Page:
A thought-provoking and delicious Colli Orientali del Friuli white blend from Massican

Just before the Thanksgiving holiday, American winemaker Dan Petroski, founder and owner of the California-based Massican winery, generously sent me a bottle of his latest label, Gaspare.

Named after the father of a schoolmate who nudged Dan toward his first winery job in Italy, it’s a 2016 blend of Tocai Friulano, Ribolla Gialla, and Chardonnay. But unlike Dan’s celebrated Friuli-inspired northern Californian whites, the fruit for this wine was grown in the Colli Orientali del Friuli by his friends Serena Palazzolo and Christian Patat whose Ronco del Gnemiz (Gnemiz Hill) winery is one of the most renowned in the appellation.

The wine is thoroughly delicious, richer in style than Serena and Christian’s signature wines, perhaps more reminiscent of Borgo del Tiglio in terms of body and weight than the lean, laser-focused monovarietal bottlings from Ronco del Genmiz. The aromatic character of the Tocai prevails while the Chardonnay seems to impart muscular elegance to this age-worthy (imho) bottle.

But the thing that really struck me about it was its trans-national character. And even more impressive, in my view, its “anxiety of influence,” to borrow Bloom’s phrase.

Here’s a critically acclaimed and admired American winemaker whose aesthetic has been shaped by his contact with Friulian white wines. Like a Dante emulating his guide Virgil, he has applied his experience in and passion for Italy using Friulian grape varieties grown in Californian soil. But now he’s come back to Italy, full circle, in a peripeteia that precedes a glorious reckoning, a resolution of sorts between that which inspires and the inspiration itself.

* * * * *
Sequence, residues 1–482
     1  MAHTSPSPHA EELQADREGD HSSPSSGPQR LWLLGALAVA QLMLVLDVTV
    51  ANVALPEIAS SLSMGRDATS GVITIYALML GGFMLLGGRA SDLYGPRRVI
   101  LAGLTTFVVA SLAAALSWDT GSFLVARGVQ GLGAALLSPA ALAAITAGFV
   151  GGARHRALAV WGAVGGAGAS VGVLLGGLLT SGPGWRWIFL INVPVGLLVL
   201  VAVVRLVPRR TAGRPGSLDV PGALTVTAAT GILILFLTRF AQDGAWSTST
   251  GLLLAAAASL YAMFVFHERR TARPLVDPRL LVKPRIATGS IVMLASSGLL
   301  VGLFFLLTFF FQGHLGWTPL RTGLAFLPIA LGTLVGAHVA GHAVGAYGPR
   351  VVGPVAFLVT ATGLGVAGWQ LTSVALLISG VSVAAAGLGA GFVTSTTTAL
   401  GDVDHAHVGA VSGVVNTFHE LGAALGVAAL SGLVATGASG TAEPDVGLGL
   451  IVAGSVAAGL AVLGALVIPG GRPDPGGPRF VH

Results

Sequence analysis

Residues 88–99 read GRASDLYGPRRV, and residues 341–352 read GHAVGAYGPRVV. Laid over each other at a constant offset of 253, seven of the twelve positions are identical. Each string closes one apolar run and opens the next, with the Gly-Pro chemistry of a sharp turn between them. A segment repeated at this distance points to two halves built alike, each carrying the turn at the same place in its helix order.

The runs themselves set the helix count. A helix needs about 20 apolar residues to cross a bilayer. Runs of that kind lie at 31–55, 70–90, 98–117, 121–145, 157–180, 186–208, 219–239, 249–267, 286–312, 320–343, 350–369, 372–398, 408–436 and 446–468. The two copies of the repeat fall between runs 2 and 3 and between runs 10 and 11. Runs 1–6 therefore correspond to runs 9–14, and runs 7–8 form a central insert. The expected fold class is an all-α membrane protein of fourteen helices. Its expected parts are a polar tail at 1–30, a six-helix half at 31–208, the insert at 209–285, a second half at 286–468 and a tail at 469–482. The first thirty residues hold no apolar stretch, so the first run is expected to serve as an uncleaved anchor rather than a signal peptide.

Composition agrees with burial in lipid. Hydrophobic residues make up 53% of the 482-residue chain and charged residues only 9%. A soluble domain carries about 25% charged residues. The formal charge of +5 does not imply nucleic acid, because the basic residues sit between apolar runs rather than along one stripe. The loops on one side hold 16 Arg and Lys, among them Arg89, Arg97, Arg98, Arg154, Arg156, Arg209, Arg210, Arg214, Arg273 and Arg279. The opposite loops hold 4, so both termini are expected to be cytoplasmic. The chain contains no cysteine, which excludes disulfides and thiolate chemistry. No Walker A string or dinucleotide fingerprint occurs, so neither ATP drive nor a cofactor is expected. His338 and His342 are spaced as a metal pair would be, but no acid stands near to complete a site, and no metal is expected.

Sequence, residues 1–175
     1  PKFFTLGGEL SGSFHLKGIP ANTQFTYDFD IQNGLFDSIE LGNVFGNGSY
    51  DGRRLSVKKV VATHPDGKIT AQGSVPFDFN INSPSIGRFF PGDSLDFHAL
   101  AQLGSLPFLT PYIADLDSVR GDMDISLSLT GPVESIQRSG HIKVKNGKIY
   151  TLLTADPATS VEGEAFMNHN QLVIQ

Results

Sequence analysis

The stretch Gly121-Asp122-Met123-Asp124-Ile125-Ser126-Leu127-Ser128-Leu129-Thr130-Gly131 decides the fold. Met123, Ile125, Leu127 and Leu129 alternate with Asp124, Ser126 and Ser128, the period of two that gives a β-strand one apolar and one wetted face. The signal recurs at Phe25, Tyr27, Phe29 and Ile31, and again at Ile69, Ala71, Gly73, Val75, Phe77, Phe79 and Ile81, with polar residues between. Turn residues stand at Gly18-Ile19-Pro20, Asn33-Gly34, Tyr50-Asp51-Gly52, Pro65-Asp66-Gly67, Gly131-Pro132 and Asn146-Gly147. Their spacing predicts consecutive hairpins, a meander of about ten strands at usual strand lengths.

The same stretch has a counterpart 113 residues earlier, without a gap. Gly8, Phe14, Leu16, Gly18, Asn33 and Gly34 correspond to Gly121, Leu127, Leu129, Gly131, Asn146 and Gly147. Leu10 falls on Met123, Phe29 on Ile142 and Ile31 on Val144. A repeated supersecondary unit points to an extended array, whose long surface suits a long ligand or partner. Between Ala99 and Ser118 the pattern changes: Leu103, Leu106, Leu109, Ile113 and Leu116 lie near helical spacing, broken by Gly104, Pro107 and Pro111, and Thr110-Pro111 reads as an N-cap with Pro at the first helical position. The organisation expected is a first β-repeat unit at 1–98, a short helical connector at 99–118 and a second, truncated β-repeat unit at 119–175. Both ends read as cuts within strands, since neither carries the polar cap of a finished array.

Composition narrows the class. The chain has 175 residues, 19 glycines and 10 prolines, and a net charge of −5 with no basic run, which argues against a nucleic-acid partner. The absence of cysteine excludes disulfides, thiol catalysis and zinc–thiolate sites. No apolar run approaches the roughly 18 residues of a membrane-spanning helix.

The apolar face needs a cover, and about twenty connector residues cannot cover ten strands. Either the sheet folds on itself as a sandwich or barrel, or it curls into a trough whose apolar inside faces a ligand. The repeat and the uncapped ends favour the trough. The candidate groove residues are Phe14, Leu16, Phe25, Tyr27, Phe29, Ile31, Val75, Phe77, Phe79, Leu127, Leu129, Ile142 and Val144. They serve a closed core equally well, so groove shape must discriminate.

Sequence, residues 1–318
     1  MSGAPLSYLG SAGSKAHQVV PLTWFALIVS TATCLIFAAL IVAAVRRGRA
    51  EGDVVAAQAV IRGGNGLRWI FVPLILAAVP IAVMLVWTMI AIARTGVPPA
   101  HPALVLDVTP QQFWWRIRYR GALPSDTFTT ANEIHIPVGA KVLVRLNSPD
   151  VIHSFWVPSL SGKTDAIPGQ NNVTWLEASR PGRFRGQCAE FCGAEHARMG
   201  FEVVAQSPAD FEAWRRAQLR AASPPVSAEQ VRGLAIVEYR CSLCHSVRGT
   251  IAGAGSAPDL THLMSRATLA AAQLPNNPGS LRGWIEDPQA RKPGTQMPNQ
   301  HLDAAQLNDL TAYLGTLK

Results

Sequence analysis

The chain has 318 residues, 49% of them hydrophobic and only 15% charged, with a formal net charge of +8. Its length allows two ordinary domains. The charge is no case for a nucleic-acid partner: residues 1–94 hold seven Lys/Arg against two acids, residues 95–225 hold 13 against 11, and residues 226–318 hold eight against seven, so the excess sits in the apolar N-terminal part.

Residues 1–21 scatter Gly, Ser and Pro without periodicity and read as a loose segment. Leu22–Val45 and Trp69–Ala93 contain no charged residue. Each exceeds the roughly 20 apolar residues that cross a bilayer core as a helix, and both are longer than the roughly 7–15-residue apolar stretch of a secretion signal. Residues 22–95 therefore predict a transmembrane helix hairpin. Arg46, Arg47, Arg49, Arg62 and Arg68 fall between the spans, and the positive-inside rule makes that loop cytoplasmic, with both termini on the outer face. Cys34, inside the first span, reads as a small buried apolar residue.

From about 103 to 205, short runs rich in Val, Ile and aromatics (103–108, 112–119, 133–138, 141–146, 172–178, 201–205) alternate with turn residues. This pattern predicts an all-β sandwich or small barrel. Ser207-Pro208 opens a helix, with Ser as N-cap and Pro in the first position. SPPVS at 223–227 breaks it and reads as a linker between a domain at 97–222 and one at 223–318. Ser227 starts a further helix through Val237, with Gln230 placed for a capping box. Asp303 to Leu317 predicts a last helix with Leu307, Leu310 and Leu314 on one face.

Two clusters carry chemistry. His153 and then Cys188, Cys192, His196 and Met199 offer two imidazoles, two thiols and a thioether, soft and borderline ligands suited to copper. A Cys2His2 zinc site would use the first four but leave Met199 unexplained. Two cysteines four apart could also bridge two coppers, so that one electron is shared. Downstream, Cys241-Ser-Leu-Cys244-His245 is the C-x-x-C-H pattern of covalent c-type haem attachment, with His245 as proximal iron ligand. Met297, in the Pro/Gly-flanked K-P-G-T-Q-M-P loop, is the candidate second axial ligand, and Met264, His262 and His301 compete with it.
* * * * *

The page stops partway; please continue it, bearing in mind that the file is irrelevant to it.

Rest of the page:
The Oedipal connotation is profound. In today’s world of new- and old-world contamination, where European winemakers react to and emulate American sensibilities and American winemakers (like Petroski) emulate and react to their European counterparts’ sensibilities, the Massican Colli Orientali del Friuli Bianco represents a sort of Jungian lysis. Or should I say autolysis?

Great stuff and thanks, Dan, for sharing it with Tracie and me (she loved it, too).

One thought on “A thought-provoking and delicious Colli Orientali del Friuli white blend from Massican

  1. Pingback: Terroirist: A Daily Wine Blog » Daily Wine News: Gen Z Consumers

Leave a Reply

Fill in your details below or click an icon to log in:

WordPress.com Logo

You are commenting using your WordPress.com account. Log Out /  Change )

Google+ photo

You are commenting using your Google+ account. Log Out /  Change )

Twitter picture

You are commenting using your Twitter account. Log Out /  Change )

Facebook photo

You are commenting using your Facebook account. Log Out /  Change )

Connecting to %s